None other than the “King of the Blues” himself – Mr. B.B. (Blues Boy) King:
A modern revival of these instruments (also known as the Cigar Box Guitar Revolution) has been gathering momentum with an increase in cigar box guitar builders and performers. A loose-knit tour of underground musicians tour the East Coast (US) each summer under the banner “Masters of the Cigar Box Guitar Tour.” These musicians include Doctor Oakroot, Johnny Lowebow, Tomi-O and many others. Also, there is a growing number of primitive luthiers adding cigar box guitars to their items for sale on their websites.
Modern revival is sometimes due to interest in jug band and the DIY culture, as cigar box is relatively inexpensive when considering other factors, such as strings and construction time. Many modern cigar box guitar can thus be seen as a type of practice in lutherie, and implement numerous own touches, such as additional of pick up and resonator cones into it. Another factor in the current revival can be attributed to many musicians desire for a more primal sound. Blues guitarists, in particular, have picked up the cigar box guitar in an attempt to play Delta Blues in its purest form.
Luther Dickinson, the guitarist of the North Mississippi Allstars , uses an electric cigar box guitar called the Lowebow. Billy Gibbons of ZZ Top performs with a cigar box guitar.
Richard Johnston, the subject of the PBS documentary Richard Johnston: Hill Country Troubadour (2005), performs with a Lowebow. Johnston helped design the instrument with the builder, John Lowe. Tom Waits plays cigar box banjo on his album, Real Gone.
Ed King of Lynyrd Skynrd plays a cigar box guitar made by Tomi-O.
Harry Manx, a Hindustani slide master, plays a Lowebow cigar box guitar.
Rollie Tussing, National Slide Guitar Champion, plays cigar box guitars.
Chris Ballew, lead singer of The Presidents of the United States of America, has recorded with a one-string cigar box bass made by Shane Speal.
Joe Buck, one-man-band performer and also a member of Hank Williams III’s band Assjack, plays a cigar box guitar box.
Robert Hamilton of the Loq-Country Messiahs plays a 3-string Tomi-O cigar box guitar.
PJ Harvey among many others plays a genuine Baratto Cigfiddle.
Paul Simon used one on a recording recently.
And, none other than Sir Paul McCartney recently played one while on tour:
More Info: Cigar Box History
Before cigars came into the picture, box making was considered something of an art, a craft reserved for fine goods like jewelry, coins, etc. And what wondrous objects, these small, well-crafted boxes were. Prior to what you and I have come to know as cigar boxes existed, cigars or “segars” as they were known, were packaged up in large wooden crates and barrels in quantities that typically ranged from 250-1,000 each. As tobacco quickly ascended status to a huge cash crop in the US and abroad, it’s distribution became increasingly regulated. Strict tax and trade laws encouraged the earliest, small “nailed wood” boxes, which employed muslin fabric in lieu of metal hinges and safely housed quantities of 12-50 cigars. In 1837 Ramon Allones, a Spanish immigrant to Cuba initiated the some of the first documented use of colorful, lithographic labels as a means to distinguish one brand from another. Colorful paper edging was often utilized to cover exposed nail heads and joints.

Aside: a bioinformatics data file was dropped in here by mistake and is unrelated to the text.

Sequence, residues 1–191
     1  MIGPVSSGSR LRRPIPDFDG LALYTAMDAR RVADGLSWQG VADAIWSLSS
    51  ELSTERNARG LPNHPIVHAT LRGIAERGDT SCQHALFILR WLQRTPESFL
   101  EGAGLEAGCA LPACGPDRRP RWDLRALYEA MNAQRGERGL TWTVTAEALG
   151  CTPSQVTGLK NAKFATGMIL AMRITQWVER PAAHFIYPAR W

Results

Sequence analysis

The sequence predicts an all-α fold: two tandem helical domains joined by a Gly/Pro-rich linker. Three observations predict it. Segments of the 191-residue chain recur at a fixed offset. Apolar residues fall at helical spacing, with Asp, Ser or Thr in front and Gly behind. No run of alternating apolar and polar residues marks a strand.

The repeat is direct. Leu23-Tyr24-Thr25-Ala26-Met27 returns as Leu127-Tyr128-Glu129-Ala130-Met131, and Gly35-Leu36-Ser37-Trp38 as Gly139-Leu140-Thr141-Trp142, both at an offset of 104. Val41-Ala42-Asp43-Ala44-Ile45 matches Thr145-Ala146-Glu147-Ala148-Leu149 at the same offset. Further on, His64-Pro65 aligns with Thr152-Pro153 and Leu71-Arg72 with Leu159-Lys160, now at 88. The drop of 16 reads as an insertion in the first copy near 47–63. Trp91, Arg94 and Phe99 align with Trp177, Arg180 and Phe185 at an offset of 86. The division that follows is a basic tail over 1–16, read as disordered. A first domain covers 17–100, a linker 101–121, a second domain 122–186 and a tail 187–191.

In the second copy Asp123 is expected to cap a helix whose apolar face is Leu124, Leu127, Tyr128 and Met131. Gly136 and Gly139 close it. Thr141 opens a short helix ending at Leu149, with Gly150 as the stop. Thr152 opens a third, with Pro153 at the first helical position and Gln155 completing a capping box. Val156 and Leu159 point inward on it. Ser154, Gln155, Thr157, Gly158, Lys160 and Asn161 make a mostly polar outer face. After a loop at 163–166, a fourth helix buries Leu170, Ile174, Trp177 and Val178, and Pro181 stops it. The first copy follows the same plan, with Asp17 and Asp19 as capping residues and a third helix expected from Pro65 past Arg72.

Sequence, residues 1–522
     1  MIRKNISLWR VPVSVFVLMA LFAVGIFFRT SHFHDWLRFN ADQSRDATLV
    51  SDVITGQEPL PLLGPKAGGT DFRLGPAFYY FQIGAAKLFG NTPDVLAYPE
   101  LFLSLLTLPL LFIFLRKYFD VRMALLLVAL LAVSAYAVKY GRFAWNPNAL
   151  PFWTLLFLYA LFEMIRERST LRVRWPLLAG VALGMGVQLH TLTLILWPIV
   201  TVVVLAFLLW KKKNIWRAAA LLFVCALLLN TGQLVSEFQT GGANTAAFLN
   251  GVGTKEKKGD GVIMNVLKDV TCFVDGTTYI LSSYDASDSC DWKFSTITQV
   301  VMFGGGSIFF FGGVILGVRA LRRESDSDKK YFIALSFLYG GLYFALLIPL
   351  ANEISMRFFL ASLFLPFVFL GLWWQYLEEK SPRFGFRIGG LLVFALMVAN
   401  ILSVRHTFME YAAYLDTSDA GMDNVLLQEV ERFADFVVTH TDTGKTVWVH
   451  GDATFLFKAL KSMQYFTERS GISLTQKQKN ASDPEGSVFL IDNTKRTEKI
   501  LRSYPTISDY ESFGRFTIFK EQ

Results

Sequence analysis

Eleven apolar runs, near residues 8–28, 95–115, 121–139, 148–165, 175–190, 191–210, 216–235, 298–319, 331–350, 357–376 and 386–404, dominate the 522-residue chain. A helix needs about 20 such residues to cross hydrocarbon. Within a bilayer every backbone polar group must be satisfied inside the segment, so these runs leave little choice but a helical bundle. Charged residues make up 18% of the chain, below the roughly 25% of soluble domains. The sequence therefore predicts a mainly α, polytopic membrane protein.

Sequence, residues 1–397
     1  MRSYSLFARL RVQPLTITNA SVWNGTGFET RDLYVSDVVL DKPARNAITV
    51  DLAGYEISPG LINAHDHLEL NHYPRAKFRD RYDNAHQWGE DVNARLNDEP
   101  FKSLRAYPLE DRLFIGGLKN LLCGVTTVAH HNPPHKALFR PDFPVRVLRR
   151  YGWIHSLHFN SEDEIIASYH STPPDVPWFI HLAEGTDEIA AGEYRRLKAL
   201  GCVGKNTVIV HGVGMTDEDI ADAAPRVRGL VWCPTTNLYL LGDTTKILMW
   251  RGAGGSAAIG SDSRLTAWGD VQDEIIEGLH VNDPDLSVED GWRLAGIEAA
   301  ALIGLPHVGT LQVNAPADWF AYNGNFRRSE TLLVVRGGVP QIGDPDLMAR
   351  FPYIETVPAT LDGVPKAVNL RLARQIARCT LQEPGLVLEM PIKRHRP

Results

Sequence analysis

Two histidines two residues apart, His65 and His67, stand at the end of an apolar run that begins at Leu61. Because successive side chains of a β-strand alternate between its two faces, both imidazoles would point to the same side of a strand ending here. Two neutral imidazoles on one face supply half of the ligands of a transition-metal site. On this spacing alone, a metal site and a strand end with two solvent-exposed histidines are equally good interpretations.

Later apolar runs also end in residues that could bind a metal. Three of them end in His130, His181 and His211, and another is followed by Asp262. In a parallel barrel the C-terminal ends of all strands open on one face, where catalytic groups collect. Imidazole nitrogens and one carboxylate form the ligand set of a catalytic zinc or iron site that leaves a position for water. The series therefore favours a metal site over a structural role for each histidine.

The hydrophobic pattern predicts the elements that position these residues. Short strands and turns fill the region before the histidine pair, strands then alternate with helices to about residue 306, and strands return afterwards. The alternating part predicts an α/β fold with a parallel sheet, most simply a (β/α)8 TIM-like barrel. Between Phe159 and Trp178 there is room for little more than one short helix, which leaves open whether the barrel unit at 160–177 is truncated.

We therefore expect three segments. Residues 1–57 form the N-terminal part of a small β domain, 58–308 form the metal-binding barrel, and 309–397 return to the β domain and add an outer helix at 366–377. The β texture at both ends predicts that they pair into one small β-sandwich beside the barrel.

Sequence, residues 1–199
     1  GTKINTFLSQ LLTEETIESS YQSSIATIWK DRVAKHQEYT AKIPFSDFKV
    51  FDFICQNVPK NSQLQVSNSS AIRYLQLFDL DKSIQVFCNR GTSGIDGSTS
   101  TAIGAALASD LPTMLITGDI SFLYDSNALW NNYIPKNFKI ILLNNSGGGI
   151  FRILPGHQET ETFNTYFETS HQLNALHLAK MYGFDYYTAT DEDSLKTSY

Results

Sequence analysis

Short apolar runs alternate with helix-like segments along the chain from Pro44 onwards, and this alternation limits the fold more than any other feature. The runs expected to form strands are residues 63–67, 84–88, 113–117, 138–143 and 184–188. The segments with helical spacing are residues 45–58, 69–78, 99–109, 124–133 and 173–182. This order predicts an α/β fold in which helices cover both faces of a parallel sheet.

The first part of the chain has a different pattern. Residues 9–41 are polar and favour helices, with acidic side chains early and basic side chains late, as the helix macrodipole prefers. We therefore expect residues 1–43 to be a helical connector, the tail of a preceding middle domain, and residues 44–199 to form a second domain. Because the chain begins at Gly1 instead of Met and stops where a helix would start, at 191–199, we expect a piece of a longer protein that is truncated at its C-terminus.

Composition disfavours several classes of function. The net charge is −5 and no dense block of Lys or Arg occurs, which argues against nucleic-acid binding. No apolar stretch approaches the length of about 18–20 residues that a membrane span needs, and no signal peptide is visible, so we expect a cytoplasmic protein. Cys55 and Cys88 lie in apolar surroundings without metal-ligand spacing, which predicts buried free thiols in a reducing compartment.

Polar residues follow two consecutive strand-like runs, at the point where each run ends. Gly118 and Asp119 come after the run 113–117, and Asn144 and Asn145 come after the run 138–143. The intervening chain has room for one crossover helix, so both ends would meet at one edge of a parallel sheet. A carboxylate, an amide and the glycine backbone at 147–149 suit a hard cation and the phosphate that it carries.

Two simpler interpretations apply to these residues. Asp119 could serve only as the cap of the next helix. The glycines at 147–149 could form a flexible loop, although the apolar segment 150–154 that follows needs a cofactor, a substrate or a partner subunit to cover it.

Tampa FL became a major hub of cigar and box manufacturing. Spanish Cedar was highly prized for box making as the natural oils not only repelled insects, kept the tobacco moist, but was also an important flavor-enhancer, imparting a distinct and desirable taste. Cedar logs were floated down Hillsborough Bay where crews on wooden sailing schooners unloaded the logs at the Port of Tampa.
“They used to bring in the British Honduras cedar trees, logs. They was anywheres (sic) from forty to sixty feet long. And uh, they lapped ‘em up in the river and we played on those. Then they would stack them up on the side of the river and then cut ‘em up into six lengths, truck ‘em to the Tampa Box Factory. They made regular real cigar boxes…”
– one resident reminiscing on his childhood in Tampa during the late 1930s.
Once the cigar box boom hit, the phenomenon was unstoppable.Sources indicate close to 10,000,000,000 (that’s 10 Billion!) nailed wooden cigar boxes had been manufactured by 1940!! No small wonder that so many of these sturdy wooden boxes found themselves re-purposed after their original use had been served. Nearly 200 years later and aside from some unique storefront varieties, there has only been one major design change in the overall box design to speak of.
Lid design evolved from sitting on top of the 4-sided boxes to being recessed into three of the sides in effort to protect the lids from being torn off. The new design worked and had been in use ever since.
Now for the extraordinary part, – the invention, where a box becomes the instrument. The surplus of well-crafted boxes were put to use in marvelous ways long after the original contents were gone. Things were not tossed away so quickly then. Seemingly trivial objects and packaging were often re-purposed into useful household items.
It was actually a cigar box fiddle that made first recorded documentation in artist Edwin Forbes’s famous 1876 etching of two Civil War Soldiers at a campfire, one Union solider playing a ‘Figaro’ cigar box-turned fiddle (as shown above).
People were fabricating these at home with any materials they had on hand. By 1890 step-by-step instructions for fabricating a 5-string fret-less, cigar box banjo appeared in the publication American Boy’s Handy Book by Daniel Beard, co-founder of the Boy Scouts of America. Later, when America was in the throes of the tremendous economic depression of the 1930’s, these cigar box instruments experienced a new revival.
The cigar box instrument works as a very pared-down chordophone, with the box functioning as the “resonator.” A chordophone is any musical instrument that makes sound by way of a vibrating string or strings stretched between two points. Simple household items like broomsticks were often employed as necks, or means to connect the strings. Many of the earliest predecessors had only one or two strings while most of our modern revivals employ up to as many as 4-6 strings.
Cigar Box Instruments such as homemade guitars represented Americana resourcefulness at it’s finest: Sharecroppin’, Tramp-Tunes, Hobo-Howling, Dust-Bowl Blues. The Great Depression of the 1930’s had ushered in a resurgence of homemade and DIY musical instruments. Throughout the years, popularity with the instruments waxed and waned but the love for CBGs never died out. Recent years have ushered in resurgence in popularity and a dedicated and growing group of players and enthusiasts.
NOTE: THIS PAGE (LIKE ME) IS STILL A WORK IN PROGRESS….PLEASE CHECK BACK SOON!